The Digital Footprint of Europe’s Refugees
This report relies on data from Google Trends, a publicly available, web-based tool that permits users to explore online search volume by language and location over a specified time period. In this report, Google Trends is matched with migration data on refugee arrivals from the United Nations High Commissioner for Refugees (UNHCR) and asylum applications from Eurostat, the European Union’s statistical agency. The data analysis in this report compares online searches with migration flows among Arabic-speaking (mainly Syrian and Iraqi) refugees from the Middle East to Europe in 2015 and 2016.
Online search data
Trends in online search data volume used in this report are based on data from Google Trends, a publicly available web-based tool that measures search volume of a specific search term across time, in specific languages and in specific countries. In this report, search term data are for the Arabic terms for “Greece” (searched in Turkey) and “German” (searched in Germany). Data were downloaded for the time span of Jan. 1, 2015 through Dec. 31, 2016, except for Google Trends showing hourly searches in March 2016.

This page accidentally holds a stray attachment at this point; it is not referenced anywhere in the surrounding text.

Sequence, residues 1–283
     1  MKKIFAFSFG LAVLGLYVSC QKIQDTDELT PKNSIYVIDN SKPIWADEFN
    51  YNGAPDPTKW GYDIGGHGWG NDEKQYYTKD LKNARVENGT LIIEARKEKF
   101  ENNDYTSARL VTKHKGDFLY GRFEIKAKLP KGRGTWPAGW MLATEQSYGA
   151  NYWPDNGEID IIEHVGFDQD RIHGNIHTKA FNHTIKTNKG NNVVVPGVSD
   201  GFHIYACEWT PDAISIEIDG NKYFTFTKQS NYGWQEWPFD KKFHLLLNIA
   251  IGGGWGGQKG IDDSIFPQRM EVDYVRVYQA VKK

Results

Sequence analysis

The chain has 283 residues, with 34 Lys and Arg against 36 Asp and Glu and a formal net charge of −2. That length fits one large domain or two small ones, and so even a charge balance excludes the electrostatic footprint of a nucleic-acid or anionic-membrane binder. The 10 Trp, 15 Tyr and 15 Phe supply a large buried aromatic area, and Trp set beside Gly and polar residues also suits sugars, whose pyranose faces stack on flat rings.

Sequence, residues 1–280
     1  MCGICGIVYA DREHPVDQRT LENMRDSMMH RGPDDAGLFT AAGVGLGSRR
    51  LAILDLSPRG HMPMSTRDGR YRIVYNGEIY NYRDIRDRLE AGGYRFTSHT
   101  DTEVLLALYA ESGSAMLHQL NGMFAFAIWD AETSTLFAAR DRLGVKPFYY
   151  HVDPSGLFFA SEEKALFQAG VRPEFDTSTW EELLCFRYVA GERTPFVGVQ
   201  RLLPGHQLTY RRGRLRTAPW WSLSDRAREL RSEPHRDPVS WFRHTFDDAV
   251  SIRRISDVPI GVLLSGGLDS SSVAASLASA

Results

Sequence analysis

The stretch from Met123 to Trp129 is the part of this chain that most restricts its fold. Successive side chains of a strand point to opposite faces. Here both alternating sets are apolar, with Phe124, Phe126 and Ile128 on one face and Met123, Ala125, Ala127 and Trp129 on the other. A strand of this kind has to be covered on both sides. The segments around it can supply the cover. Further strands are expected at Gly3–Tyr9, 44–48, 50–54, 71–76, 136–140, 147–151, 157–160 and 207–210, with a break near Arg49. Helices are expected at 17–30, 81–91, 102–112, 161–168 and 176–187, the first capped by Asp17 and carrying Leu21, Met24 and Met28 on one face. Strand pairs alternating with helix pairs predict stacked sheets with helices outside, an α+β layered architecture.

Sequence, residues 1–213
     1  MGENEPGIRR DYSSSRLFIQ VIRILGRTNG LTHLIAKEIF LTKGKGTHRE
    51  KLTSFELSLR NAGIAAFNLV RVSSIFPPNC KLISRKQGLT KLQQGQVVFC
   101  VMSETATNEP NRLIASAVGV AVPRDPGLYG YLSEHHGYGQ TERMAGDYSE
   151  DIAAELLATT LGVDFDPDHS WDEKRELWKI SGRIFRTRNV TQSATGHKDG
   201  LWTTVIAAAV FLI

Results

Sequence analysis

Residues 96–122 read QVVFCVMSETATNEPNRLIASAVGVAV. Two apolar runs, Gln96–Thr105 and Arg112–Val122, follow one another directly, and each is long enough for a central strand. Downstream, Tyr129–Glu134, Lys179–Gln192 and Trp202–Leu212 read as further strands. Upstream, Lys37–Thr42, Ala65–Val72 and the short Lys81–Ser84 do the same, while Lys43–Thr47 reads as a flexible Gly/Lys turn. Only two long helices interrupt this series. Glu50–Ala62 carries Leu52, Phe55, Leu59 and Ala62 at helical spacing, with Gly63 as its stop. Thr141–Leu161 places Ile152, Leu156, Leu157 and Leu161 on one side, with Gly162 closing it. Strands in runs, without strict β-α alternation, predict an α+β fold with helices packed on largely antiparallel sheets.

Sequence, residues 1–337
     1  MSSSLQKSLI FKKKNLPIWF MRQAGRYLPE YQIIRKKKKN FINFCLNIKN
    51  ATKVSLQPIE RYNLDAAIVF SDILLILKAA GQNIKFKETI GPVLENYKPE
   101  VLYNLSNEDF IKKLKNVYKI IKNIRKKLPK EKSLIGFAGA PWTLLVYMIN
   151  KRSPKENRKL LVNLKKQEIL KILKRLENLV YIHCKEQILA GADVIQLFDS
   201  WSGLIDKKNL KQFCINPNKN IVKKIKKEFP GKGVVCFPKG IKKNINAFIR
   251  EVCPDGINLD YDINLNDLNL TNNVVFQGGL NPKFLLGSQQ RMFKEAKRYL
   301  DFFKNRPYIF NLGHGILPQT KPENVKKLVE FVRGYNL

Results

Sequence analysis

Google is the most widely used search engine globally and is the top search engine used in Turkey and Germany. Google also is the search engine of choice in Syria and Iraq. Consequently, it is assumed that Google is the top search engine used by refugees coming from these countries.
Google standardizes online searches on a 0 to 100 scale for the time period selected by the user. Lower numbers indicate that terms were searched less frequently while higher numbers represent more frequently searched terms during the same time period. Google Trends data from Jan. 1, 2015 through Dec. 31, 2016, are in weekly estimates. These figures change slightly between downloads as they are a sample of searches.9 To smooth out the variation, most charts in this report show monthly averages taken from weekly search volume.